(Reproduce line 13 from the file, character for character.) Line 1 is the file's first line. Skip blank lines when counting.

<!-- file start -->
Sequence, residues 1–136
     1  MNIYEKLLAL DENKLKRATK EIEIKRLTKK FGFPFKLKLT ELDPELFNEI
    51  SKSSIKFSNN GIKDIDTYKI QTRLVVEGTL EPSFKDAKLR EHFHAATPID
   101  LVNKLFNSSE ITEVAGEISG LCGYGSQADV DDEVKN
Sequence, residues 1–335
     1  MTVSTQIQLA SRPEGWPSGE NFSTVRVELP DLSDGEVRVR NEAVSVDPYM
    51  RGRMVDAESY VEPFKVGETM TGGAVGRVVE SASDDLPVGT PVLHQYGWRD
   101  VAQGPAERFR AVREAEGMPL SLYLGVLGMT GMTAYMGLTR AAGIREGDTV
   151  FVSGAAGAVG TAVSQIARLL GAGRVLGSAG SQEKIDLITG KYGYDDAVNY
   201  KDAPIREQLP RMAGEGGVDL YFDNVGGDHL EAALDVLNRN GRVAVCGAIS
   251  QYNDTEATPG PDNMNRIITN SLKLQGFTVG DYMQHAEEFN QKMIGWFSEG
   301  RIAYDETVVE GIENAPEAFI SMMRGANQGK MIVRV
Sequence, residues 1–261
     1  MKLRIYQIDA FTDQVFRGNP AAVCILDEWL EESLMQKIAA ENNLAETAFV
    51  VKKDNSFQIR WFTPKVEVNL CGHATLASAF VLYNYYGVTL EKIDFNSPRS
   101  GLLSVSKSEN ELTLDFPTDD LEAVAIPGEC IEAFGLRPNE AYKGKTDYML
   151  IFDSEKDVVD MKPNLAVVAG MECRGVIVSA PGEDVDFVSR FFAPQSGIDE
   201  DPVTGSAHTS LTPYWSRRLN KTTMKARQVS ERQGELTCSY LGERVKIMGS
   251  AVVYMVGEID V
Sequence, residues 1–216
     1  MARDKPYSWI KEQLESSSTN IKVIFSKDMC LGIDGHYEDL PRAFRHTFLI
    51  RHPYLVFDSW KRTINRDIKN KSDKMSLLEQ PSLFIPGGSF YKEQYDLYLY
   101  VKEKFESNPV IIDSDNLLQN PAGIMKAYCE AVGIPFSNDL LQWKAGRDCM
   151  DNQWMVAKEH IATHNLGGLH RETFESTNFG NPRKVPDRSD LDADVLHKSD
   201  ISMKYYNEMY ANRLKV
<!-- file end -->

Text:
Sequence, residues 1–261